PRES. BILL CLINTON: What I think they should do is find a way to keep the expansion going. And I think the- as weak as it is here, you know, unemployment in the euro zone I think is 11%. And- Germany’s doing well but the- and a lot of the smaller countries are doing extremely well, many of which are not in the euro.

But they’re trying to figure out a way to promote growth. And what I think we need to do is to- find some way to avoid the fiscal cliff, to avoid doing anything that would contract the economy now, and then deal with what’s necessary in the long-term debt reduction plan as soon as they can, which presumably will be after the election.

MARIA BARTIROMO: So does that mean extending the tax cuts?

PRES. BILL CLINTON: Well, I think what it means is they will have extend-they will probably have to put everything off until early next year. That’s probably the best thing to do right now. But the Republicans don’t want to do that unless he agrees to extend the tax cuts permanently, including for upper income people.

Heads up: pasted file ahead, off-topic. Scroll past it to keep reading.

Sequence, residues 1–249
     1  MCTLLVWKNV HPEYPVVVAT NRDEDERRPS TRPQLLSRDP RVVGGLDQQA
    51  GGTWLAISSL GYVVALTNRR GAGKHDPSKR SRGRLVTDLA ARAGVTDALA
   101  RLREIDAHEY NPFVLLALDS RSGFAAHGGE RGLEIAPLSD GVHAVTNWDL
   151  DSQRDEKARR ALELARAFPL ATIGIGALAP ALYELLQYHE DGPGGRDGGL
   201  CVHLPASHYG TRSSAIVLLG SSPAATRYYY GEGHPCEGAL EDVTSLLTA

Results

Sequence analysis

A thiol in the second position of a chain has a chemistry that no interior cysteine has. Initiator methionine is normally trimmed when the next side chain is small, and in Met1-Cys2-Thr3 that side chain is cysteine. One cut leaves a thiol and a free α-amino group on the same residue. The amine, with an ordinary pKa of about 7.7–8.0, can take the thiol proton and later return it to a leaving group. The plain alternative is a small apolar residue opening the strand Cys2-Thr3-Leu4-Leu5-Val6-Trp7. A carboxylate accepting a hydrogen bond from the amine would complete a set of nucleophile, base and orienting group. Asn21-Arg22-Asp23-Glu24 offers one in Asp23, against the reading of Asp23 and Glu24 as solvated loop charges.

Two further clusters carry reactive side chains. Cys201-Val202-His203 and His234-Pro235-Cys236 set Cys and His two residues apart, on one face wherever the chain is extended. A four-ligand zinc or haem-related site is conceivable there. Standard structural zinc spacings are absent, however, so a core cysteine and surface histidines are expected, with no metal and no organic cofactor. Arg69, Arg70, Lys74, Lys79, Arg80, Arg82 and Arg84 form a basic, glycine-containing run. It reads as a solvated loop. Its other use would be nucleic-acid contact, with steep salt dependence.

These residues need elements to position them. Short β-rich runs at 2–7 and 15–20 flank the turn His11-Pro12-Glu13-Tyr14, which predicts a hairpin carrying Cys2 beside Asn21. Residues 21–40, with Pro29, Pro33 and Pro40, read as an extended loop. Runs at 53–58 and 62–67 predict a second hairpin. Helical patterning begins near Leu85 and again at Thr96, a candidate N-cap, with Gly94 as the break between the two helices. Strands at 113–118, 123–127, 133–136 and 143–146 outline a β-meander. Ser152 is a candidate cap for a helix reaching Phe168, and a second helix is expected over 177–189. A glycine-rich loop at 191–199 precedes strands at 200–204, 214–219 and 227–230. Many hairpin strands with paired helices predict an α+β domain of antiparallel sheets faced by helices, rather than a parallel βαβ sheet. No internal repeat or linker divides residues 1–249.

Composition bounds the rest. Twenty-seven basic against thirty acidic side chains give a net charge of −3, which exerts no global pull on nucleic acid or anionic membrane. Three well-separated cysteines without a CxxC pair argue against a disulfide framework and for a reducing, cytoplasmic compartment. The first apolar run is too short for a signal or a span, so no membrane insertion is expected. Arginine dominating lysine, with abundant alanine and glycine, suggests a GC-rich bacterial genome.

It seems pretty clear what Clinton was saying here. He was saying that, practically speaking, we’re unlikely to be able to reach a deal to extend the tax cuts, not to mention the other matters that will come up before December 31st. Since we’ve already heard from numerous economists, as well as the Congressional Budget Office, that allowing those events to happen all at once poses the significant risk of throwing the economy back into recession in 2013, Clinton says we need to try to avoid that. Clinton is also saying that growth should come first, and if that means putting off dealing with the fiscal tornado until later date, that’s what it means. The Obama (and Romney) campaign may not want to admit it, but Clinton was speaking the truth here and anyone in Washington who thinks that we can somehow deal with all these problems before the election, or in a Lame Duck Congress whose legitimacy may be severely undercut by the results of the election, not to mention a possibly Lame Duck President, is deluding themselves. In the end, the odds are that Congress will do exactly what President Clinton recommended on CNBC, which makes the criticism he faced for what he said utterly bizarre.